Saturday, March 21, 2015

Pitch count killed Von Hoff's no-hitter

Uncommon commons: In more than 30 years in sportscards publishing I have thrown hundreds of notes into files about the players – usually non-star players – who made up the majority of the baseball and football cards I collected as a kid. Today, I keep adding to those files as I peruse microfilms of The Sporting News from the 1880s through the 1960s. I found these tidbits brought some life to the player pictures on those cards. I figure that if I enjoyed them, you might too. 

There's nothing unique about this story of a pitcher who was pulled from the mound late in his no-hitter bid. I'm just publishing it because I can.

On July 26, 1965 Bruce Von Hoff of the Cocoa Astros (Class A Florida State League) had a no-hitter going into the ninth inning against the Miami Marlins when he was taken out by manager Billy Goodman, leading 3-0.

Per the policy set by general manager Paul Richards of the parent Houston Astros, Von Hoff had reached the maximum pitch count of 110 set for minor league pitchers in the organization.

Joe Clement was brought on in relief, gave up a hit, then retired the side.

Perhaps as a make-good, Von Hoff was brought up to the Astrodome in the September call-ups. I don't know that his pitching record that season (6-13) qualified him as a prospect worth looking at at the major league level.

Von Hoff had been signed as a 20-year-old bonus free agent by the Giants in 1964, out of Northern Illinois University. Groomed as a reliever, he was 1-1 with a 3.44 ERA in Class A and AA ball.

In November, 1964, the Astros picked Von Hoff under the old first-year-player draft system then in operation in yet another futile attempt by the owners to hold down bonuses.

The Houston chain moved Von Hoff out of the bullpen and put him in the rotation.

While his minor-league record in 1965 wasn't stellar, realistically he had little support. Von Hoff had an ERA of just 2.53 for Cocoa. The C-Astros, however, were arguably the worst team in the league. They finished the season in last place, 32-1/2 games out. As a team they batted only .192 for the season, and their 1,199 strikeouts were nearly 20% worse than the runner-up.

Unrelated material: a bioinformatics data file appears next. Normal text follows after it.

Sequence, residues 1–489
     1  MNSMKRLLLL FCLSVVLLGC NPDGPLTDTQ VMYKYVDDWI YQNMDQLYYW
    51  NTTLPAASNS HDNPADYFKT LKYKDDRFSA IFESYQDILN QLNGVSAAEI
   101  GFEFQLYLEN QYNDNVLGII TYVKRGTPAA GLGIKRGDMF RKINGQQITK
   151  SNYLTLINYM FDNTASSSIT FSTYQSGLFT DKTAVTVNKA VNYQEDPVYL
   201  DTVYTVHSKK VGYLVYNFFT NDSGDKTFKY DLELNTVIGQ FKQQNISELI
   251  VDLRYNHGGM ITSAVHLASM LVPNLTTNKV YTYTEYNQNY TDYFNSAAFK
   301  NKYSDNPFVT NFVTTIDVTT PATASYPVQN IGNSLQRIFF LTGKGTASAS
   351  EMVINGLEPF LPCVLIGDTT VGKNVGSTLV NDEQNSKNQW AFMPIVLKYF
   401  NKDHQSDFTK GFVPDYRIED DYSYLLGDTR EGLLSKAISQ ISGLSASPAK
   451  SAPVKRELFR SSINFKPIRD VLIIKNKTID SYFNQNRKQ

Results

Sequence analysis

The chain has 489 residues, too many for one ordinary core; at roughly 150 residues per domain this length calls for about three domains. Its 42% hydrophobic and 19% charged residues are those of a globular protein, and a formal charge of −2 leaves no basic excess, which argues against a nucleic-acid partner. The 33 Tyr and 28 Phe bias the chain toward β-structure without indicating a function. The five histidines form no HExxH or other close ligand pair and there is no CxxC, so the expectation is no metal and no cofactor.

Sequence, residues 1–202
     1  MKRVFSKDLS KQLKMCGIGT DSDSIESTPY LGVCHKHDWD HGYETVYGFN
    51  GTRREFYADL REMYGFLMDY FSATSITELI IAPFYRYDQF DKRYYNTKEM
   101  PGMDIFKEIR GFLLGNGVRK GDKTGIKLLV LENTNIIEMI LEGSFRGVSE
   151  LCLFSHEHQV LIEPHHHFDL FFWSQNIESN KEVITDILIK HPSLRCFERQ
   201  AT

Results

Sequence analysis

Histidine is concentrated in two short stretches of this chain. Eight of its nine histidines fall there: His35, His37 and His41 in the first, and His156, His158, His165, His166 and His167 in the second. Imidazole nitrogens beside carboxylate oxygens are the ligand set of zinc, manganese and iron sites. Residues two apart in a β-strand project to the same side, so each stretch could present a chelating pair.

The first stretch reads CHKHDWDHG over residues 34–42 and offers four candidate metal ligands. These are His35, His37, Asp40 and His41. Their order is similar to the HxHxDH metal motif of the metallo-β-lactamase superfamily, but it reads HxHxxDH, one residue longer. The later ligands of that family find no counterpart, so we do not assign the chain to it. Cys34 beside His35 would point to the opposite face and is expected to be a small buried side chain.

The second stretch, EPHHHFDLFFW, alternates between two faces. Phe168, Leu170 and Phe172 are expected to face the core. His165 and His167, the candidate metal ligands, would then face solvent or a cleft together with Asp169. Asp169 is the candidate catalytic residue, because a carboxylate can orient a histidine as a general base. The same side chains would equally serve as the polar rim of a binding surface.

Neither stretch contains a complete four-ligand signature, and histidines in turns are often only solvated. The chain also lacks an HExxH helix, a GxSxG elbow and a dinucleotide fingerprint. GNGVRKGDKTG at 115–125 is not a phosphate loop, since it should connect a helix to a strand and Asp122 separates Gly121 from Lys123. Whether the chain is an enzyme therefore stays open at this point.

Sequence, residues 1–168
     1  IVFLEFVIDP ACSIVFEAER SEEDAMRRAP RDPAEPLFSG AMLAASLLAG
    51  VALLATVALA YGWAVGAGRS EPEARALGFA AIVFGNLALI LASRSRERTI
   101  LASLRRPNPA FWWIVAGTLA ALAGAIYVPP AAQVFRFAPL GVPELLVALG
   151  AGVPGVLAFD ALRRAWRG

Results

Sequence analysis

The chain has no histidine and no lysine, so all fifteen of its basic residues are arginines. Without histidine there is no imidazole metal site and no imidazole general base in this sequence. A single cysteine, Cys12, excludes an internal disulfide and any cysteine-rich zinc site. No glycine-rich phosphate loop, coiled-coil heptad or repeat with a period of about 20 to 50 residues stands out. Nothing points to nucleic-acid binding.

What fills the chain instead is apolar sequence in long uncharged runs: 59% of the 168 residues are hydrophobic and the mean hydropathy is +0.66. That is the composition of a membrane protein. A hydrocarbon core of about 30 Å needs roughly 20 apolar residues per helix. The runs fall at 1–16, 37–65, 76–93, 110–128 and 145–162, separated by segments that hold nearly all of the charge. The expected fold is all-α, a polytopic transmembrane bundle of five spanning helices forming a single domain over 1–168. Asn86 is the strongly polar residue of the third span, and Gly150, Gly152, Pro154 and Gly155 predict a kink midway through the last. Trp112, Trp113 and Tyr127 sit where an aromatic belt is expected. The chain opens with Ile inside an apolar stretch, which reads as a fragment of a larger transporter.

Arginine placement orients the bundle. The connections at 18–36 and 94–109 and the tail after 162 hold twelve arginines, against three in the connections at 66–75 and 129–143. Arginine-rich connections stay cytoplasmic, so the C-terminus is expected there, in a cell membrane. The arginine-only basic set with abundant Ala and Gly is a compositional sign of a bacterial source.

For whatever reason, Von Hoff did get the call to Houston when the rosters expanded. The Astros had been firmly in ninth place for two months, ahead only of the Mets.

Von Hoff appeared in three games in the 'Dome, trotted out to the mound for an inning's work each in 1-7, 8-19 and 2-5 losses.

In truth, he did OK in two of those games. Retiring the Braves and Cardinals with no hits or walks in closing out those games. He was, however, shelled by St. Louis in between. He was called on in the seventh with the Cards ahead 13-2. He gave up three singles and walked two for three earned runs before getting out of the inning. His rookie year in the majors showed him 0-0 with an ERA of 9.00.

Von Hoff went to the Florida Instructional League in the off-season where he was 0-5. He spent the entire 1966 season in the minors -- where he got his no-hitter! On Aug. 10, pitching for the Durham Bulls in the Carolina League, Von Hoff no-hit Rocky Mount and won 5-0. He was 9-4 with a 2.85 ERA in Class A, but was 0-4 with an ERA well over 9.00 at AA and AAA that season.

Splitting time again between AAA Oklahoma City and AA Amarillo in 1967, Von Hoff was 4-6 with an ERA of 4.32 when he was again brought up to Houston in mid-August, with the Astros in last place in the NL.

This time the big club used him as a starter and he opened 10 games. He figured in only three decisions, all losses, with an ERA of 5.19.

By the time Von Hoff's only mainstream baseball card came out in the 1968 Topps set, his major-league career was behind him.

He played three more years in the minors. He was 0-5 for Dallas-Ft. Worth (AA Houston) in 1968, 6-3 with Asheville (AA Cincinnati) in 1969 and 4-8 in 1970 with St. Petersburg and Arkansas (A, AA St. Louis). He left pro ball then at the age of 26.

Overall, in his seven minor league seasons, Von Hoff had a 30-44 record and 3.96 ERA.

He died in Florida in 2012 at the age of 68. In retirement in Gulfport, Fla., he had founded an after-school program for kids at his church, coached youth sports teams and worked with the elderly. 

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